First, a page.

13. @Liberty60:

    If the voters of a particular state dislike mandatory life sentences of juveniles, they can always direct their legislature to change the law.

  14. mattb says:

    @Doug Mataconis: Understood.

    I was just noting a different factor.

    My post was more the result of recently being confronted with a number of life without parole cases that I’m trying to wrap my head around.

    BTW, I think we both agree on at least some of the problems with mandatory sentencing guidelines.

  15. Murray says:

    This is humiliating on two accounts:

    1/ That sentencing a 14 year old to life without parole needs a Supreme Court decision to be deemed unacceptable.
    2/ That four out of nine “justices” of said Supreme Court deemed such a punishment acceptable.

    We are just one vote shy of Barbary.

  16. michael reynolds says:

    @Dave Schuler:

    I think in many cases parents etc… bear the bulk of the blame. If one of Jerry Sandusky’s victims had gone off the rails wouldn’t a large share of the blame be on him?

    But it’s not true in all cases, IMO. There are juvenile psychopaths. In fact, I wrote one into one of my series. Kids keep asking for backstory on this character and I refuse to give them one because I know what they want is a facile explanation for evil, and I don’t think it’s always 1+1=Psycho.

  17. michael reynolds says:

    @Doug Mataconis:

    If the voters of a particular state dislike mandatory life sentences of juveniles, they can always direct their legislature to change the law.

    So a majority can vote to commit morally repugnant acts? A majority in the old south (and probably much of the new south) supported slavery. A majority supported interning Japanese-Americans.

    I understand that the job of the Supremes is to interpret the Constitution, but I no more exempt them from the requirements of basic decency and morality than I do the judges who enforced the Nuremberg laws. Whatever your job description, you are still required to be a human being.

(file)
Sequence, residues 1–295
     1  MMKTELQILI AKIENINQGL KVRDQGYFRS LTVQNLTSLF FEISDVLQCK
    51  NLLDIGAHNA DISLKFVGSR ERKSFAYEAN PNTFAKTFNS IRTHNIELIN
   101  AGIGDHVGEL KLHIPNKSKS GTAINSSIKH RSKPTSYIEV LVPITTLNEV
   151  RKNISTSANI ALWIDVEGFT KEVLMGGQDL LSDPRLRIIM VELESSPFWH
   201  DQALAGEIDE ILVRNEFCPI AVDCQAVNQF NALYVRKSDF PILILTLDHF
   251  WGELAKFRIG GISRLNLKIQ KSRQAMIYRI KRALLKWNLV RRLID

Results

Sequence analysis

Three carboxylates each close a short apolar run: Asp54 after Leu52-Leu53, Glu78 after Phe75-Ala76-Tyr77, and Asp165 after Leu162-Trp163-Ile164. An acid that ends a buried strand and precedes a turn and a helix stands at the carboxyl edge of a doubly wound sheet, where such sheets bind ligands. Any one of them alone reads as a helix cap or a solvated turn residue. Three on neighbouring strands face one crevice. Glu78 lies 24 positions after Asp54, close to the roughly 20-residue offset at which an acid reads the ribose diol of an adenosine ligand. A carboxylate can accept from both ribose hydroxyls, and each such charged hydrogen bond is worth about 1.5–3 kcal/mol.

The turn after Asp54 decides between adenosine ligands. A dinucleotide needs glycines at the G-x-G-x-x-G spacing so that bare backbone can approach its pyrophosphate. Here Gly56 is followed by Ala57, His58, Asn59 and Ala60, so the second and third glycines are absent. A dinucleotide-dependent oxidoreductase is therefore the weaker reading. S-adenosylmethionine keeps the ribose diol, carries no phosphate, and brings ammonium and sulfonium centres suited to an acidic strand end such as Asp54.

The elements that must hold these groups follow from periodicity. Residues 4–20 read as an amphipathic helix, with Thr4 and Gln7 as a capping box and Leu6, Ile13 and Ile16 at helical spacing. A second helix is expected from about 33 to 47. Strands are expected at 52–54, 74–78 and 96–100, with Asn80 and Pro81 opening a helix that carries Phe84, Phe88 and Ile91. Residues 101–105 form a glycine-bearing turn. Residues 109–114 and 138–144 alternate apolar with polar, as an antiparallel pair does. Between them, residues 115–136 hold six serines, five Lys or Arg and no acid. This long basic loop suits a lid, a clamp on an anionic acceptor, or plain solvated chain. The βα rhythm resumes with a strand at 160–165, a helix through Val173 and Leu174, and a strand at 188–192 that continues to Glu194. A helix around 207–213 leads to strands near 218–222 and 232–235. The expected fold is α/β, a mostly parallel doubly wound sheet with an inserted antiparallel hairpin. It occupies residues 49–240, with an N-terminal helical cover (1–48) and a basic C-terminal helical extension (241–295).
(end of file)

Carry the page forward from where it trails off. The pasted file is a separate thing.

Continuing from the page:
18. @michael reynolds:

    Morally repugnant by whose standard? Yours and mine perhaps, as I said I would not support this type of law were I state legislator. I am just not certain that I’m all that comfortable with the idea that the moral sensibilities of 5 Supreme Court Justices are the proper way to decide issues like this.

  19. michael reynolds says:

    @Doug Mataconis:
    Didn’t we hang quite a few people for making just that argument?

  20. Jenos Idanian #13 says:

    @michael reynolds: Nice and subtle Godwinning there, but we’ve executed a lot more people who argued that their own moral sensibilities were superior to the law, and acted accordingly. Timothy McVeigh comes to mind.

  21. G.A. says:

    Nice and subtle Godwinning there, but we’be executed a lot more people who argued that their own moral sensibilities were superior to the law, and acted accordingly. Timothy McVeigh comes to mind.

    Hey,I can think of millions that got no argument at all and did not even make it to nine months old..Or weeks….

  22. grumpy realist says:

    @G.A.: They’re not human lives. And even if they were, there’s nothing in our history of law that mandates forced organ donation, even if necessary to save a human life.

  23. michael reynolds says:

    @Jenos Idanian #13:

    Yes, surprise: morality is complicated. Which is why people keep trying to replace it with systems, like the law. Unfortunately, all that substitution does is offer a veneer on the remaining messiness. You can’t opt out of morality, not even under color of law. Which is why we hanged people for enforcing the Nuremberg laws.

    If the majority in your state decides on a death penalty for all people calling themselves “Jenos” shall we enforce that law? Or shall we refuse in the name of fundamental decency and morality?

  24. G.A. says:

    They’re not human lives.

    Babies aren’t human? Dude it’s a human baby at conception..that’s not only history its science.

    Oh I pray that one day you will see this like I have.

  25. Tlaloc says:

    Babies aren’t human? Dude it’s a human baby at conception..that’s not only history its science.

    False, and off topic. Next.

  26. G.A. says:

    False, and off topic. Next.

    Spoken like a true dogmatic leftist..What are they sea monkeys? Have they changed over history?How is it not on topic when talking about the rights of Juveniles and the morality of it?

  27. Jenos Idanian #13 says:

    @michael reynolds: Morality is also incredibly subjective. Everyone has their own beliefs.

    In a society like ours, we find a common ground for morality and call it “laws.” And it’s our obligation to either obey them or challenge them. No one has the right to simply ignore them.

    In a society like Nazi Germany (or most Islamist regimes), the opinions of the few and strong become the law. And there is where one is obligated to reject them.

  28. mostlygood says:

    Unfortunately the Supreme Court has Passed 2 laws here: the second is an unspoken law
    which protects thugs who want to put a hit on someone and are now protected as long as
    they send a juvenile to do the job. It is now open season on juveniles. If I were the mother
    of a young black man I would be trembling right now.